By William Watts and Joy Wiltermuth
U.S. stocks closed mostly higher Wednesday as investors awaited a speech from President Joe Biden outlining a multitrillion dollar infrastructure spending plan that’s expected to include higher taxes on corporations.
The big three equity benchmarks also closed out a hectic month and quarter with gains, each realizing a four-month win streak.
How did major indexes perform?
The Dow Jones Industrial Average /zigman2/quotes/210598065/realtime DJIA -0.28% fell 85.41 points, or 0.3%, to end at 32,981.55 after bouncing between small gains and losses.
The S&P 500 /zigman2/quotes/210599714/realtime SPX -0.44% rose 14.34 points, or 0.4%, to end at 3,972.89, after touching a new intraday record of 3,994.41.
The Nasdaq Composite jumped 201.48 points, or 1.5%, closing at 13,246.87.
For the month, the Dow rose 6.6%, and gained 7.8% for the quarter. The S&P 500 rose 4.2% in March and 5.8% for the quarter. The Nasdaq Composite eked out a 0.4% monthly gain and advanced 2.8% for the quarter.
What drove the market?
Rising technology shares helped lift the S&P 500 index to a new intraday trading record ahead of Biden’s planned speech to unveil the first part of his “Build Back Better” plan in Pittsburgh later Wednesday.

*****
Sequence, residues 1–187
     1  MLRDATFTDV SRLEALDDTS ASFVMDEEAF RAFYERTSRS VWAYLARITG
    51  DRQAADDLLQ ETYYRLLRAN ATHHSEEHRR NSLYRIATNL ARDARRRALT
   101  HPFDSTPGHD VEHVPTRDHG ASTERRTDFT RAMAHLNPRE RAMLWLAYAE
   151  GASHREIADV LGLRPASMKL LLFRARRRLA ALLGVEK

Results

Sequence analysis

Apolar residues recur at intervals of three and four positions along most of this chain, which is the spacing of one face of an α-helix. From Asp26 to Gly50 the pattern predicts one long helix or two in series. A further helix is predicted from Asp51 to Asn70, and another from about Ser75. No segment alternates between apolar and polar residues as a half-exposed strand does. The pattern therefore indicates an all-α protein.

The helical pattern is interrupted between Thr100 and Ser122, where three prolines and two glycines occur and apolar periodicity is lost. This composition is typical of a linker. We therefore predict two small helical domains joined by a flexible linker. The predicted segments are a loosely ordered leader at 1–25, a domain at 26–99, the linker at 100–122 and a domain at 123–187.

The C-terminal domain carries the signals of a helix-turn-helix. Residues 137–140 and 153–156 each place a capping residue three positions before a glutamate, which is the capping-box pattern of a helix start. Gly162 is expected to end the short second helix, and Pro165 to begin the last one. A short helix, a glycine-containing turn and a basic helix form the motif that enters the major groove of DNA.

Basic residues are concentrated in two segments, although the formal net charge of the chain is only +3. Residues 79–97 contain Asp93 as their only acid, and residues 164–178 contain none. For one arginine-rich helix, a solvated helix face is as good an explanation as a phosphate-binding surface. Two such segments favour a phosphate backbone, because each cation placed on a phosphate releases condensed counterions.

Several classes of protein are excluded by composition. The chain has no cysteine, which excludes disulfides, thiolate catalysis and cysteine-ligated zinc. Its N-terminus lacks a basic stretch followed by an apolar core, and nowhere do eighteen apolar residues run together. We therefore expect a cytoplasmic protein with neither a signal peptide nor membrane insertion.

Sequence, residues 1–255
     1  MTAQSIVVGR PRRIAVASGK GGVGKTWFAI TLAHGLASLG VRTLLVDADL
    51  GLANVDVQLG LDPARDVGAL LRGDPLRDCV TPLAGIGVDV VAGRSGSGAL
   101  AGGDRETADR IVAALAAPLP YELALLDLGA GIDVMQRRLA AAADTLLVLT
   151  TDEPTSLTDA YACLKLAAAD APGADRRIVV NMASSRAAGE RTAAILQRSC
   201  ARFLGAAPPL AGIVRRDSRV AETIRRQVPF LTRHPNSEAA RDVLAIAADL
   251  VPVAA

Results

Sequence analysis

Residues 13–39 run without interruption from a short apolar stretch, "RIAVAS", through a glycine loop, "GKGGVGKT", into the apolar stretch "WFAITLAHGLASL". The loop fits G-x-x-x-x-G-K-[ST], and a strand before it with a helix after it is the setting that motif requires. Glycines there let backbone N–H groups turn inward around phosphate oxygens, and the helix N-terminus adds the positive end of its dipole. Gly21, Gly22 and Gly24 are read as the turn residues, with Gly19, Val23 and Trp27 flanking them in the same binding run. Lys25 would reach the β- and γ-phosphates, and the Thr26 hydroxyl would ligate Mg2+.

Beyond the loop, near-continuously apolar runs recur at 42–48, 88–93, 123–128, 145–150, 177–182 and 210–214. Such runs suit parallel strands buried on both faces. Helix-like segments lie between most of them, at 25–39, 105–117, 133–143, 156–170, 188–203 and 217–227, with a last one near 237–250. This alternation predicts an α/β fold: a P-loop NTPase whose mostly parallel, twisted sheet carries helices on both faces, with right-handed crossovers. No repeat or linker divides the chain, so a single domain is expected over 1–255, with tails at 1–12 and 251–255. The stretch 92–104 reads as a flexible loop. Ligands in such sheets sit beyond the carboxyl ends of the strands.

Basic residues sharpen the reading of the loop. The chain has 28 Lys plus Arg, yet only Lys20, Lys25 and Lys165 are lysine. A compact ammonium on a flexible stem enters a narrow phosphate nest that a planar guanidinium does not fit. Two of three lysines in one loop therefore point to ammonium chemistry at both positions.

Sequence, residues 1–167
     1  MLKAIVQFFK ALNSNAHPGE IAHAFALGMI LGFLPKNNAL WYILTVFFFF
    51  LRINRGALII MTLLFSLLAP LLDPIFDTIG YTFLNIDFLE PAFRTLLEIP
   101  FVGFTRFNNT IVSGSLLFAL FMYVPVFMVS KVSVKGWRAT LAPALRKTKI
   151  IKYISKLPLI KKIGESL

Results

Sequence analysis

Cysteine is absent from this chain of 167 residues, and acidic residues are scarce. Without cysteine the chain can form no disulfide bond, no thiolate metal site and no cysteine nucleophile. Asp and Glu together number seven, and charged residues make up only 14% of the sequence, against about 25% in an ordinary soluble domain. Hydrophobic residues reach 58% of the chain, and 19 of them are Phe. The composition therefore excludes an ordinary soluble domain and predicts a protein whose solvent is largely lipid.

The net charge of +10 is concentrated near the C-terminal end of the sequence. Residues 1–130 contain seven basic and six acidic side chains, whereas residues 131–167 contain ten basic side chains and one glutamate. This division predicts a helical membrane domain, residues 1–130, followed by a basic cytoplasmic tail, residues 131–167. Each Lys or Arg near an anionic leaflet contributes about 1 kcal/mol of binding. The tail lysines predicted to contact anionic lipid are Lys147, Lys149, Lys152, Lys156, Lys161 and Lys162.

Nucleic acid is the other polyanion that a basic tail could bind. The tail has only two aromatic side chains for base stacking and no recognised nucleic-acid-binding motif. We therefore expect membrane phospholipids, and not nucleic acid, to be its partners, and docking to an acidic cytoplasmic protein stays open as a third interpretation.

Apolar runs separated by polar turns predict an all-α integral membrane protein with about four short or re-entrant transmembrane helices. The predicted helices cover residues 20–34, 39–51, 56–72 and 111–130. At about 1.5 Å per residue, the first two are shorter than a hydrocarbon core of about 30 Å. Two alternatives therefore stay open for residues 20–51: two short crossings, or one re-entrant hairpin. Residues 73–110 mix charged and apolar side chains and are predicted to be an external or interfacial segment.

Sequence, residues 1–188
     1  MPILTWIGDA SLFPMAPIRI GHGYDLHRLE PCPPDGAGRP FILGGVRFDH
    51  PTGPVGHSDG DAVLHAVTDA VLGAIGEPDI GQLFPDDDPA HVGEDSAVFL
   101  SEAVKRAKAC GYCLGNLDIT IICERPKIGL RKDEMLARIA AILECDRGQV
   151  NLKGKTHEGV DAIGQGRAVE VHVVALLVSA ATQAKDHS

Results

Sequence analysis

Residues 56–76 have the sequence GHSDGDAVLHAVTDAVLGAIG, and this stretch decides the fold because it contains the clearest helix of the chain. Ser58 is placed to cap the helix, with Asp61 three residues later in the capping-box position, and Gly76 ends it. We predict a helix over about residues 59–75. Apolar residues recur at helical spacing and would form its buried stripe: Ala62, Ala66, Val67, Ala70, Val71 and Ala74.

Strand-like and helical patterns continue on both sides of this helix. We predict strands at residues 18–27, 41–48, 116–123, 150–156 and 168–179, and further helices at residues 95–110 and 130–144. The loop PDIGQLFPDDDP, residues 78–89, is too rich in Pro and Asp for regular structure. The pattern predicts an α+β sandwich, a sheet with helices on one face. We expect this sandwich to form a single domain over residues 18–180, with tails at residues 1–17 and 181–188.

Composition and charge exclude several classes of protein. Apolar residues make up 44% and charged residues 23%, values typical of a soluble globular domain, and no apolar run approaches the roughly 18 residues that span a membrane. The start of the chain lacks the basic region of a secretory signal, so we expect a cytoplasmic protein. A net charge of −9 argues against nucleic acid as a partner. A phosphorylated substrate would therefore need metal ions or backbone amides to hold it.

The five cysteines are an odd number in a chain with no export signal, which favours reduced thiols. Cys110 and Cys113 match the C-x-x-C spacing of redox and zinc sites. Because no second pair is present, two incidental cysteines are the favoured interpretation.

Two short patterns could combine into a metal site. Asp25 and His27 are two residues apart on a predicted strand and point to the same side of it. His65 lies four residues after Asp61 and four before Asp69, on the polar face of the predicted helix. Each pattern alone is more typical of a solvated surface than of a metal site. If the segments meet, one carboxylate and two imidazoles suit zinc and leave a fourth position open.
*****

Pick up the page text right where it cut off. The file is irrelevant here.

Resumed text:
An outline of the proposal released by the White House detailed $2.3 trillion worth of infrastructure investments , with a focus on bolstering roads, airports, safe water supplies, greener technology and more. It would be offset by raising the tax on corporate income from 21% back to 28% after being cut in 2017 from 35% to 21%.
News reports said the size of the Biden plan could further rise to $4 trillion as additional parts are announced, offset by increases in tax rates on the wealthy and investors.
The tech sector rose 1.5% in afternoon trade, making it the top S&P 500 gainer, followed by consumer discretionary at 0.8%, according to FactSet data.
“It’s all about stimulus, stimulus, stimulus,” Kent Engelke, chief economic strategist at Capitol Securities Management, told MarketWatch. “Ultimately, it is going to be viewed as a bad word,” he said, but not likely until the economy overheats or corporate taxes are raised to offset the spending, hurting company profits.
However, Nicholas Colas, co-founder of DataTrek Research, said in a note that, “We have always been of the opinion that markets never believed President Trump’s corporate tax cuts would be permanent. Raising them to the old levels would therefore not change our bullish outlook.”
“Changes in individual tax rates, especially those related to capital gains, are another matter. Given the outstanding gains of the last few years, especially in speculative tech stocks, changes in cap gains would certainly cause taxable account selling with no near-term offset in demand,” he wrote.